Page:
Thai authorities are preparing to take illegal Myanmar job seekers from the rubber plantation hideout to Sadao police station in Songkhla for legal action. (Photo: Assawin Pakkawan)
SONGKHLA: A group of 46 Burmese migrants wishing to find jobs in Malaysia were arrested on Friday night in Sadao district near the Malaysian border.
A combined team of soldiers, border patrol and immigration officers found 34 men and 12 women hiding in a rubber plantation in Tambon Tamnak Kham, after being alerted by the owner of the plantation, Col. Thanitphon Hongwilai, commander of a military task force.
All were migrants from Myanmar.
During interrogation, the migrants told the arrest team through an interpreter that they were two groups. A group was working in Bangkok but wanted to look for work in Malaysia. They had contacted Mong Mao, a job broker from Myanmar, in Malaysia to find them a job there. They were asked to pay 30,000 baht each by first transferring half of the brokerage fee to the job broker. The remaining sum would be paid upon their arrival in Malaysia.
They had traveled by interprovincial bus from Bangkok to the Hat Yai district of Songkhla. A van was sent to take them to the rubber plantation, as they waited for someone to pick them up at the border.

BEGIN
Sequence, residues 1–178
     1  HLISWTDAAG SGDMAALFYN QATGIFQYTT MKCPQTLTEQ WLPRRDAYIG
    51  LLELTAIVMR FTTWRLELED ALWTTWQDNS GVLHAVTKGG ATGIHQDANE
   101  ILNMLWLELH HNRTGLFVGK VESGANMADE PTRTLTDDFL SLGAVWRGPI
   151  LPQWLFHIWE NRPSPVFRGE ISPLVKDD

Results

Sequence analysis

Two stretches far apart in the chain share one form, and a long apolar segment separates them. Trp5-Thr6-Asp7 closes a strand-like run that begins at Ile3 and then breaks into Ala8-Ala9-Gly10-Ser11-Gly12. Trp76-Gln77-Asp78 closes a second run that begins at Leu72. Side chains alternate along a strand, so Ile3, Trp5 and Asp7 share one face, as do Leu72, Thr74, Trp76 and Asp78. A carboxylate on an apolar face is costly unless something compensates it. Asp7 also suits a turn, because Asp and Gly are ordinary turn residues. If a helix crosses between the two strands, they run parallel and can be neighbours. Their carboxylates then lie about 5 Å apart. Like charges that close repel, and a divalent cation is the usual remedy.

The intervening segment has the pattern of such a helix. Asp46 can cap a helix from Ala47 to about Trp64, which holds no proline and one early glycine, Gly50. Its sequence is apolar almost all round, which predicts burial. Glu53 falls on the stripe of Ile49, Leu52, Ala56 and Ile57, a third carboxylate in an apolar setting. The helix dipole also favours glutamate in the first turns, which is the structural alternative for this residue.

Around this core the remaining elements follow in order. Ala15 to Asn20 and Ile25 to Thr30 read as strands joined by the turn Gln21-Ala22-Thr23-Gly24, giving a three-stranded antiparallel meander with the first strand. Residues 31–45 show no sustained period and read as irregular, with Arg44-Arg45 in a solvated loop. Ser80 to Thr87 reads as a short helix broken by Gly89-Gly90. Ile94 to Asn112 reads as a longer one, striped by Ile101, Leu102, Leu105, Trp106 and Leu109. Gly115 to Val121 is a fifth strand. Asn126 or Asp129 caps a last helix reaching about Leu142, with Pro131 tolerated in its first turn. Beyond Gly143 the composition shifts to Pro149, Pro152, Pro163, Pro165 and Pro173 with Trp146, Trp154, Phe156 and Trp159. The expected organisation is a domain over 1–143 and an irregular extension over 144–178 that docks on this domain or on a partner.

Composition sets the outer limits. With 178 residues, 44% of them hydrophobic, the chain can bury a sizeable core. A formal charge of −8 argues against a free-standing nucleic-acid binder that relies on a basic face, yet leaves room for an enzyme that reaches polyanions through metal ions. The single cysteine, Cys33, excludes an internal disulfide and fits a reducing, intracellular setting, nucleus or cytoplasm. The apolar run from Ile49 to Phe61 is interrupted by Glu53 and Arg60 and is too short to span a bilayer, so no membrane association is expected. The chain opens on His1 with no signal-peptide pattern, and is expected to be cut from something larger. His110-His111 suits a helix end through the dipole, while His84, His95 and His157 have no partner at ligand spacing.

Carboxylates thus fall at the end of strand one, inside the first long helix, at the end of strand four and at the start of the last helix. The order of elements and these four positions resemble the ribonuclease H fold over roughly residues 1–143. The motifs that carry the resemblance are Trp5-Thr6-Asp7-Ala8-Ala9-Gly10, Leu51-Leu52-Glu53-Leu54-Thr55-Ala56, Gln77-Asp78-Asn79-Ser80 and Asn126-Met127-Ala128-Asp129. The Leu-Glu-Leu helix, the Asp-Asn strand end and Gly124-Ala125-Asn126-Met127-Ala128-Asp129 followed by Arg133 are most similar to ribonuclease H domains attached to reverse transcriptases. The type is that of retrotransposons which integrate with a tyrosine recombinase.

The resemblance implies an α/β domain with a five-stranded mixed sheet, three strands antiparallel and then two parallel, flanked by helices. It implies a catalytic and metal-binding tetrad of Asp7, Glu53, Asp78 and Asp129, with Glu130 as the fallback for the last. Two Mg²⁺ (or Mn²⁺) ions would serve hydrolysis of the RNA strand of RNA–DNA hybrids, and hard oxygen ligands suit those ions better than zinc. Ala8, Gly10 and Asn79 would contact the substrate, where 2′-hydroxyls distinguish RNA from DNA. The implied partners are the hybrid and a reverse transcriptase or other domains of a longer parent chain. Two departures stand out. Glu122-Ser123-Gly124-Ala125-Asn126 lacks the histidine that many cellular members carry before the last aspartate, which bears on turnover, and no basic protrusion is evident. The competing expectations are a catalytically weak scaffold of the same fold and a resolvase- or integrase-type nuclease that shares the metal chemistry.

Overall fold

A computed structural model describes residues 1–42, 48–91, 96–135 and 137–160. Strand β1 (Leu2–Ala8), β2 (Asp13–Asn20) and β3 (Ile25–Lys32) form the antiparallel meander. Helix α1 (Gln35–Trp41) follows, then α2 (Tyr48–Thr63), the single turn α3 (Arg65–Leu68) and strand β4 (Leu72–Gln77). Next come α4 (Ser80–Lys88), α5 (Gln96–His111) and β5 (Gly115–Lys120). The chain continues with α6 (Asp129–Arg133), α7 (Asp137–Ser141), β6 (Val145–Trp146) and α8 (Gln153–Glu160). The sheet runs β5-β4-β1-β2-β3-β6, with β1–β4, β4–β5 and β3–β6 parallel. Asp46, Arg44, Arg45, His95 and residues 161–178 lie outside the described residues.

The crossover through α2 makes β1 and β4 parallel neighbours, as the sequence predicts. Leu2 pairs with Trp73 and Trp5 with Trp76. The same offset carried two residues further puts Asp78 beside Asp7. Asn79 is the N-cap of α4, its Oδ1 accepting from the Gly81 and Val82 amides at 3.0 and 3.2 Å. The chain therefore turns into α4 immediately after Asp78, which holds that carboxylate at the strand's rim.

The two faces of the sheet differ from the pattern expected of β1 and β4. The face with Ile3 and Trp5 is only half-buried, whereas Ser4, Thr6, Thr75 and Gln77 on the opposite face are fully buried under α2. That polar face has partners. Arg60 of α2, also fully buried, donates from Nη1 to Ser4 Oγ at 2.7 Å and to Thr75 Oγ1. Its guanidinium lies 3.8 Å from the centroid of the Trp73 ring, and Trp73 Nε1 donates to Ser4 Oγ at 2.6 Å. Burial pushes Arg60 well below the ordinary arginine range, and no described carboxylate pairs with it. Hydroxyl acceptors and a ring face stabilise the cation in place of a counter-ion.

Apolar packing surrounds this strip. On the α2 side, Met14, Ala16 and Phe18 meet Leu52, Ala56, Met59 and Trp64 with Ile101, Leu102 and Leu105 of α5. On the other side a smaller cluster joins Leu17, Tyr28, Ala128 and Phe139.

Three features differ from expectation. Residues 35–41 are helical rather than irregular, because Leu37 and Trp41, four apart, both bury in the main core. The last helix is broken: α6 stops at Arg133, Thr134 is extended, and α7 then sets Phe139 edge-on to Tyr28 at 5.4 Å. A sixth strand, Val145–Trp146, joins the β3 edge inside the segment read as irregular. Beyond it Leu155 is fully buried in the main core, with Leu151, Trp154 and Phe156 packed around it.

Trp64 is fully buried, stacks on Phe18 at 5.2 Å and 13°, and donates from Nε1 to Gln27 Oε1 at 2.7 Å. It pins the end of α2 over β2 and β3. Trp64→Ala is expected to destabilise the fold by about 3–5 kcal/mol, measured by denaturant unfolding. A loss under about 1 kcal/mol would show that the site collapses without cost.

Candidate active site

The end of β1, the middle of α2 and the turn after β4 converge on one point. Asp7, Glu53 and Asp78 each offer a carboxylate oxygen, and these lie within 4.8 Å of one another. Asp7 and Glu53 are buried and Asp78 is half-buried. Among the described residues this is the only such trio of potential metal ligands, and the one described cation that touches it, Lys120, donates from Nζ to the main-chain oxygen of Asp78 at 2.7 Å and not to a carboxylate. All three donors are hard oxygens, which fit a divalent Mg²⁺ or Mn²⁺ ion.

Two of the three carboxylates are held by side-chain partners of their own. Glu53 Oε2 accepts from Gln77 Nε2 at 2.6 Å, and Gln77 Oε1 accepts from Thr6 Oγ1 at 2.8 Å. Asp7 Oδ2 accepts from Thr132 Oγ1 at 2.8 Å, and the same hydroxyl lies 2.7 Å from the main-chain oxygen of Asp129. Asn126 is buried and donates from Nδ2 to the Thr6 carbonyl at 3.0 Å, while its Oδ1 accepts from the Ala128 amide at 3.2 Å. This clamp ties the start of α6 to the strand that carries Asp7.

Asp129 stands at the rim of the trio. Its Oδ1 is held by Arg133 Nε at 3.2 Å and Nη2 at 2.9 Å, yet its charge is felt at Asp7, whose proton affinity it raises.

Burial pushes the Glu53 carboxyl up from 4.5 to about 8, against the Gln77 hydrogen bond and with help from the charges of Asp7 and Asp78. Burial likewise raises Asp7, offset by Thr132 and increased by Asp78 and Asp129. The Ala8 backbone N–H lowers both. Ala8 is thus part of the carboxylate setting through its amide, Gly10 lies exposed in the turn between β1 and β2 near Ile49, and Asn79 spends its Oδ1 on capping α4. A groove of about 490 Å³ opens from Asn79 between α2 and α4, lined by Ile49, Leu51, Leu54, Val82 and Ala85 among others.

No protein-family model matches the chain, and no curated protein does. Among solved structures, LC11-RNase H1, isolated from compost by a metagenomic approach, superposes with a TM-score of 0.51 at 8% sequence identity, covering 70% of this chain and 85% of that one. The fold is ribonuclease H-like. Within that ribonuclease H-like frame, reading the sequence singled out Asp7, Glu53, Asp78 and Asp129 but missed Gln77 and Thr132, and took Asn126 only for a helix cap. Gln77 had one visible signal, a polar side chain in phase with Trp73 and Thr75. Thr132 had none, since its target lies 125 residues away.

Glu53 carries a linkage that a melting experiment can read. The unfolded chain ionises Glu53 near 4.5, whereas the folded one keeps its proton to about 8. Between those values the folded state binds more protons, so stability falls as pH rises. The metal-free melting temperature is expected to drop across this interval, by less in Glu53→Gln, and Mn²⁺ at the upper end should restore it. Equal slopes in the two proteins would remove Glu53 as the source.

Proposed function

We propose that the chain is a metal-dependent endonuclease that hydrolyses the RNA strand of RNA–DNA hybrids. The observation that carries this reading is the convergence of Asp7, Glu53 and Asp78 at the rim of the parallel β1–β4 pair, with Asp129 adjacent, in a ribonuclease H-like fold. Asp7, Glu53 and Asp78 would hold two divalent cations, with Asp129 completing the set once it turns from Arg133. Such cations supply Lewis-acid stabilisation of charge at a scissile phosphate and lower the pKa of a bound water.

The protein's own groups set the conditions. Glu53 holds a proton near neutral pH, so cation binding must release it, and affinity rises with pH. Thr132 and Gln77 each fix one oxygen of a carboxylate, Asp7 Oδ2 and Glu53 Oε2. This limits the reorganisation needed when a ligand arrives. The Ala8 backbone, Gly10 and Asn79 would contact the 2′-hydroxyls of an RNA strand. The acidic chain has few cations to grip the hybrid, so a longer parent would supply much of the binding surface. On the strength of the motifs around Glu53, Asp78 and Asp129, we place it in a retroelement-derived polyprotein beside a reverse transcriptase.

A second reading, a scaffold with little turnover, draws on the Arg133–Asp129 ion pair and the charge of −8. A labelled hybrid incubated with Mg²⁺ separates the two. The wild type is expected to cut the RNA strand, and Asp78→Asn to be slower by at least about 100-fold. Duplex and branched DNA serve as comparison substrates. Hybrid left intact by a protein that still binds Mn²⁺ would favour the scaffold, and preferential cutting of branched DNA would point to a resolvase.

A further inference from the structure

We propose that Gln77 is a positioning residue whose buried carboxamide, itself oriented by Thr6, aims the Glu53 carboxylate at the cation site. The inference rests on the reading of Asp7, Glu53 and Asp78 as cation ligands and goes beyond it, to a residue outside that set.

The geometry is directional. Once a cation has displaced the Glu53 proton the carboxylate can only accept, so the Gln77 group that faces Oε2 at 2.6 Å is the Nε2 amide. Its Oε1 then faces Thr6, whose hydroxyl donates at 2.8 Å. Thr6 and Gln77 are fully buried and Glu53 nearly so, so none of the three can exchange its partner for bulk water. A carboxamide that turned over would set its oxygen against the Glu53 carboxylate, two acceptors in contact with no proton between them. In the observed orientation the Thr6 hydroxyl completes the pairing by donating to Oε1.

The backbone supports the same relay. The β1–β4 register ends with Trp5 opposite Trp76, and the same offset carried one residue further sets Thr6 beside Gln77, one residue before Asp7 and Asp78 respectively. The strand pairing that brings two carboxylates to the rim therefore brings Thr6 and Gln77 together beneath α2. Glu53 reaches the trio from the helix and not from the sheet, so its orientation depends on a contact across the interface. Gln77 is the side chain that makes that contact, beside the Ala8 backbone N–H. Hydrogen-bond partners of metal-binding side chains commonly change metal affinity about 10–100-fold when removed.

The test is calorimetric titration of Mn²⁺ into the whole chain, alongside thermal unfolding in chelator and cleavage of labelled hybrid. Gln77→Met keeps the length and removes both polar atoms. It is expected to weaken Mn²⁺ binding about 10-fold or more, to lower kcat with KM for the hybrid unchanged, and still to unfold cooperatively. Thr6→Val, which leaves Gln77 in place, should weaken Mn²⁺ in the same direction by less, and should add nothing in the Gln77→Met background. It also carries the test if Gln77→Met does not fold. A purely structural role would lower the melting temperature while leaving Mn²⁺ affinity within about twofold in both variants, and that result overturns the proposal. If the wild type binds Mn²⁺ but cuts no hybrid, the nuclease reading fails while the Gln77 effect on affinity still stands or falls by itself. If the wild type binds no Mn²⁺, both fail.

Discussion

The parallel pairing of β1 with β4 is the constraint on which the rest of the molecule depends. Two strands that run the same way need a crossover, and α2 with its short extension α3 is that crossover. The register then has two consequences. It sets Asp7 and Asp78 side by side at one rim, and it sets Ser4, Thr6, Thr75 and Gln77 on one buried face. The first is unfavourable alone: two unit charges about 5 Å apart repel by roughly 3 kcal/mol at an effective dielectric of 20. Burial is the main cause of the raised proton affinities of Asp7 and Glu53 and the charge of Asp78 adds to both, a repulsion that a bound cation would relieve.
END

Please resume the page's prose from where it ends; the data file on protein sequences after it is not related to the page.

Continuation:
The other group had traveled from Rakhine Township in Myanmar. They had contacted a Myanmar job broker in Malaysia and were told to pay a brokerage fee of 26,000 baht each. They had paid half the brokerage fee and would pay the balance upon arrival in Malaysia.
They had snuck into the country in Ranong province via a natural border crossing before a truck was dispatched to take them to the plantation, where they encountered the first group.
All were taken to Sadao police station for prosecution before being deported to Myanmar, the arrest team said.
Adisorn Kerdmongkol, a representative of a migrant labor development network, recently estimated that 80,000 people crossing the border illegally, the vast majority of them from Myanmar, were arrested in Thailand l ‘last year. As many as 100,000 others have probably escaped authorities and are now employed in key provinces, he added.
Prime Minister Prayut Chan-o-cha said all parties involved should step up efforts to register workers from neighboring countries so they can be employed legally in Thailand, where a labor shortage threatens recovery economic.
The Federation of Thai Industries said the country faces a shortage of around 800,000 migrant workers needed in the manufacturing, service and tourism sectors.